Follow the Harvest Calendar
It’s when the season is in full bloom, when fruits and vegetables are abundant and at the peak of their freshness, that you’ll make the biggest savings. Plus, using seasonal foods means adding more local products to your menu. The supply period is relatively short, so a harvest calendar, such as the Manger Québec availability calendar or Équiterre’s availability calendar for fruits and vegetables (both in French only) can prove to be very useful in planning your purchases—and your meals!—better.
Become Friends with Local Producers
Local purchase initiatives have multiplied in recent years. Consumers are welcome to shop directly from the producers through local markets, such as public and farmers markets, farm stands, pick-your-own schemes or subscriptions to weekly produce baskets. For producers, that means fewer intermediaries and more profits. For consumers, that equals direct access to more fresh products and the possibility of educating themselves about cultures and methods of production. Everyone’s a winner!
Stock up for Winter
During the summer and in the fall, take advantage of the fact that fruits and vegetables are less expensive and buy larger quantities to stock up. It’s the perfect time to make jam and preserves, or to freeze foods that you’ll be able to cook with for the rest of the year. There’s nothing quite as satisfying as enjoying the berries you picked in July in the middle of January, especially as they don’t lose any of their nutritious properties once frozen.
Eat Local, Even in Winter
Meat, dairy products and local root vegetables are still available in winter, but what’s on offer actually goes well beyond these food categories. In addition to cranberries, mushrooms and cabbage that are available year-round, Quebec has many greenhouses that keep growing all kinds of produce even in the dead of winter, such as tomatoes, cucumbers and peppers that add a bit of variety to your plates. Other vegetables could be added to this list in the near future, if we are to believe the winter harvest project of Ferme des Quatre-Temps and other similar initiatives that are popping up everywhere.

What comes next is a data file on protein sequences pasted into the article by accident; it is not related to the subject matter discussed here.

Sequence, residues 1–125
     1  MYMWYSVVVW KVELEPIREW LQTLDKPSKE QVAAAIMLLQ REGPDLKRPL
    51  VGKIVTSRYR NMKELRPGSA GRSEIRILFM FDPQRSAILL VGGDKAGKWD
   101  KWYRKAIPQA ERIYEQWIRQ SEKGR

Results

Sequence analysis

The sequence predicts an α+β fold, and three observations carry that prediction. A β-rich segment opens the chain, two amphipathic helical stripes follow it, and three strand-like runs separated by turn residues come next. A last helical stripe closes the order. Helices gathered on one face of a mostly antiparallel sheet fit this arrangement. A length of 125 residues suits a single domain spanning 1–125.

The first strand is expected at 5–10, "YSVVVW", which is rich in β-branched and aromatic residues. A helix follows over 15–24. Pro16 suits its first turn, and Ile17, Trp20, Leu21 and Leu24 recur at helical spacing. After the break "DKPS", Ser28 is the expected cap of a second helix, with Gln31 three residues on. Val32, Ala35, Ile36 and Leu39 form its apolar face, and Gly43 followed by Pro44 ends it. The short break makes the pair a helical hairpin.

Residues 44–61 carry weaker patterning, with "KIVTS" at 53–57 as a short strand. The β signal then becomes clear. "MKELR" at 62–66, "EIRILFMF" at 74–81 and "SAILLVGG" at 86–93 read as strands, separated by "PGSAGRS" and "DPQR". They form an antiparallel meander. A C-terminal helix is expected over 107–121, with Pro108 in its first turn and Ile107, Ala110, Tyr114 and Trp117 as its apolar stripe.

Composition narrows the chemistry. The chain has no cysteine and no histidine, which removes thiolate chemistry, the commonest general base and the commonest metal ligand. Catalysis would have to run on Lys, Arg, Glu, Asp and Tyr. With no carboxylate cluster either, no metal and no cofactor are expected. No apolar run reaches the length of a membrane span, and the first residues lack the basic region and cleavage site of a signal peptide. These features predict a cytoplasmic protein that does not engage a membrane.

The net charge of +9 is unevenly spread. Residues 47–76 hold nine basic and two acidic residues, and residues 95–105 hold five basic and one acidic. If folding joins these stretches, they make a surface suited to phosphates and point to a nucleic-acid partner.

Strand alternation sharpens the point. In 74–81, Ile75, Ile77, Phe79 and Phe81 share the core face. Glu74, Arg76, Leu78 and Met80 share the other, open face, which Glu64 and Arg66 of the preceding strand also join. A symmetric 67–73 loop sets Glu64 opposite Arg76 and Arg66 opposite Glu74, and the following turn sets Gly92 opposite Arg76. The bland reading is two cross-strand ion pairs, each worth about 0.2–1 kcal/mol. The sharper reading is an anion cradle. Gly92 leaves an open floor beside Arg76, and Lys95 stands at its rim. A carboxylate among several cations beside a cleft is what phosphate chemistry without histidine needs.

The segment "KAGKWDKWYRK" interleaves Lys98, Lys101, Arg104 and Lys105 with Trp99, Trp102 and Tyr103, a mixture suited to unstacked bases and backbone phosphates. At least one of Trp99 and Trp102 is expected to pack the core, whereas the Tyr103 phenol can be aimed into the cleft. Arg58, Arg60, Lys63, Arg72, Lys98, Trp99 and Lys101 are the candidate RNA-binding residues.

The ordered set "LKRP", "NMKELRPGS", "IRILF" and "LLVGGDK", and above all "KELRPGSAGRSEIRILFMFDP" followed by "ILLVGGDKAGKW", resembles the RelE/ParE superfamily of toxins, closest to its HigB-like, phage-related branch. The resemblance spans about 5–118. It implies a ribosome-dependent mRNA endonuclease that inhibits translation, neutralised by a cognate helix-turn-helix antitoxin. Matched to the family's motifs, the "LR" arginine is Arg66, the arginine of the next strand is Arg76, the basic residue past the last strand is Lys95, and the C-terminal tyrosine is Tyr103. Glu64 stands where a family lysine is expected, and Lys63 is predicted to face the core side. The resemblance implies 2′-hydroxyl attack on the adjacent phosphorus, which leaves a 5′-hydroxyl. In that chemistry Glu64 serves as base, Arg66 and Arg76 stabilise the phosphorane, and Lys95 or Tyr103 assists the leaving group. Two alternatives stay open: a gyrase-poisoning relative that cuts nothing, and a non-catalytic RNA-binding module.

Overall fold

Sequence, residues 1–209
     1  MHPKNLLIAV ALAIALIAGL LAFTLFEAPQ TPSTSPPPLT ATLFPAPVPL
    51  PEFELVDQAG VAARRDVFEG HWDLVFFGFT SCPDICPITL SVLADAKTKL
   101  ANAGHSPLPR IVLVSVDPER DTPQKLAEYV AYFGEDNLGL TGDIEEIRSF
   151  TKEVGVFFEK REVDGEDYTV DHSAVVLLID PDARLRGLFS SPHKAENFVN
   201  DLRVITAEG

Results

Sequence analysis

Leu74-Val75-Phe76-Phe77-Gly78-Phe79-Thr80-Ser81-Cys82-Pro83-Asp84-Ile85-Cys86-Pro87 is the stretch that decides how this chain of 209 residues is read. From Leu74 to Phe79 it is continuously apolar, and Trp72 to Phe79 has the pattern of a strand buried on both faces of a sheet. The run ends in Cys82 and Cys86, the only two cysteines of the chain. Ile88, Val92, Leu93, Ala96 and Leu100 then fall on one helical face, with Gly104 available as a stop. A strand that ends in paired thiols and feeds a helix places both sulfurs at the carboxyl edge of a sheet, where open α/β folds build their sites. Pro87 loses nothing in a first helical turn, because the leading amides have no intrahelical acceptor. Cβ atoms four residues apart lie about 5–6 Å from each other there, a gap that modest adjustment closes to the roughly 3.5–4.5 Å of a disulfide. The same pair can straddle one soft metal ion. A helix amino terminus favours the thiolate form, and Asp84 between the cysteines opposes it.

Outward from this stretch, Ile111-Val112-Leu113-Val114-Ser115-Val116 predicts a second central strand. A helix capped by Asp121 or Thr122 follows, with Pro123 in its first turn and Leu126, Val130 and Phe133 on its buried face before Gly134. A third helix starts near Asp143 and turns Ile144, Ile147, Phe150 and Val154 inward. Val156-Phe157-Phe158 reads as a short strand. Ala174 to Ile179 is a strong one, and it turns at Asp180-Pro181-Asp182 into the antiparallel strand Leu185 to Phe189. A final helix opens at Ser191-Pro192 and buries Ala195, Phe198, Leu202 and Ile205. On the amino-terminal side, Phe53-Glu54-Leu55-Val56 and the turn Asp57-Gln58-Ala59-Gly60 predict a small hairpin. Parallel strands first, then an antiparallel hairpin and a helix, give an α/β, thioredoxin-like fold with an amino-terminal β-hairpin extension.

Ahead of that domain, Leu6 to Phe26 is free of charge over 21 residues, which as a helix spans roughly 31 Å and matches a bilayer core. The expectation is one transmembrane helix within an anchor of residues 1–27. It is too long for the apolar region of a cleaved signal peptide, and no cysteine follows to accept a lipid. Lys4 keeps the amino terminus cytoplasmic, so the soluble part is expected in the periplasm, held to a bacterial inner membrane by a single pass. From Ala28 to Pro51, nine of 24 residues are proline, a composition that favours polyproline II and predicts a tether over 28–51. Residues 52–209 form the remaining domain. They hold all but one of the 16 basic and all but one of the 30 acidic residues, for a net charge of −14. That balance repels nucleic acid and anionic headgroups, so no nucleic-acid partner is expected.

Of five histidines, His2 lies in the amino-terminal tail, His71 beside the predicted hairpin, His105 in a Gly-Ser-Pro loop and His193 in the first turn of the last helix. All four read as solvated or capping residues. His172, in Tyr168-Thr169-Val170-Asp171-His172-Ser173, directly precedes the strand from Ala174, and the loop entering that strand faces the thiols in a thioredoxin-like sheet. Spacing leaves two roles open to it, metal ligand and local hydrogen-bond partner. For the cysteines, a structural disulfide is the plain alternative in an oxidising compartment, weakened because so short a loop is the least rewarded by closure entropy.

A 2022 comparative study conducted by the Agri-Food Analytics Lab at Dalhousie University for Aliments du Québec is contradicting the persistent myth that local foods are more expensive than imports. Answering the question “Does eating Quebec-produced foods cost more?” the analysis revealed that, in 70% of the categories examined, the price of local food products was either lower or comparable to that of products from other sources.
A Bias towards Local Products
It’s very good news that local food products, including fruits and vegetables, are competitive with their foreign counterparts. It’s also an excellent reason to add them more often than ever to your grocery basket. Not only is it great for your wallet, but it’s also a good thing for our food self-sufficiency and a stimulating contribution to our economy.
To learn about other ways to save money at the grocery store, check out the following tips: